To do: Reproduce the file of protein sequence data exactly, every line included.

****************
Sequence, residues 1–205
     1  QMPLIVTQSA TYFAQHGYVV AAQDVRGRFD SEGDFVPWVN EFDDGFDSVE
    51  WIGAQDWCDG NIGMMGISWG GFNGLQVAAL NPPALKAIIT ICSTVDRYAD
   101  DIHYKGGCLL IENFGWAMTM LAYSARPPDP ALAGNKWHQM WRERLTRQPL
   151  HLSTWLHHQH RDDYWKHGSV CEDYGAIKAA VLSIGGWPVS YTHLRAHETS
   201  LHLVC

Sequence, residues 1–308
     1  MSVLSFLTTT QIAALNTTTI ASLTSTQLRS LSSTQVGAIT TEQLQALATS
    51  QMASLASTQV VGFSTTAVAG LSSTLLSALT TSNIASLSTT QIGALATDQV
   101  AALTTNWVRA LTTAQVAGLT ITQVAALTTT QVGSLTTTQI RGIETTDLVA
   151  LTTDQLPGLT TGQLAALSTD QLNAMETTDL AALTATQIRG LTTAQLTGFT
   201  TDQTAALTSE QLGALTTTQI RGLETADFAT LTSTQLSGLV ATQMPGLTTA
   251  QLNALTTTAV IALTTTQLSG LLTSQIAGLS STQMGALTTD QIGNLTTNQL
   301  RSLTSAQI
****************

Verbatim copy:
Sequence, residues 1–205
     1  QMPLIVTQSA TYFAQHGYVV AAQDVRGRFD SEGDFVPWVN EFDDGFDSVE
    51  WIGAQDWCDG NIGMMGISWG GFNGLQVAAL NPPALKAIIT ICSTVDRYAD
   101  DIHYKGGCLL IENFGWAMTM LAYSARPPDP ALAGNKWHQM WRERLTRQPL
   151  HLSTWLHHQH RDDYWKHGSV CEDYGAIKAA VLSIGGWPVS YTHLRAHETS
   201  LHLVC

Sequence, residues 1–308
     1  MSVLSFLTTT QIAALNTTTI ASLTSTQLRS LSSTQVGAIT TEQLQALATS
    51  QMASLASTQV VGFSTTAVAG LSSTLLSALT TSNIASLSTT QIGALATDQV
   101  AALTTNWVRA LTTAQVAGLT ITQVAALTTT QVGSLTTTQI RGIETTDLVA
   151  LTTDQLPGLT TGQLAALSTD QLNAMETTDL AALTATQIRG LTTAQLTGFT
   201  TDQTAALTSE QLGALTTTQI RGLETADFAT LTSTQLSGLV ATQMPGLTTA
   251  QLNALTTTAV IALTTTQLSG LLTSQIAGLS STQMGALTTD QIGNLTTNQL
   301  RSLTSAQI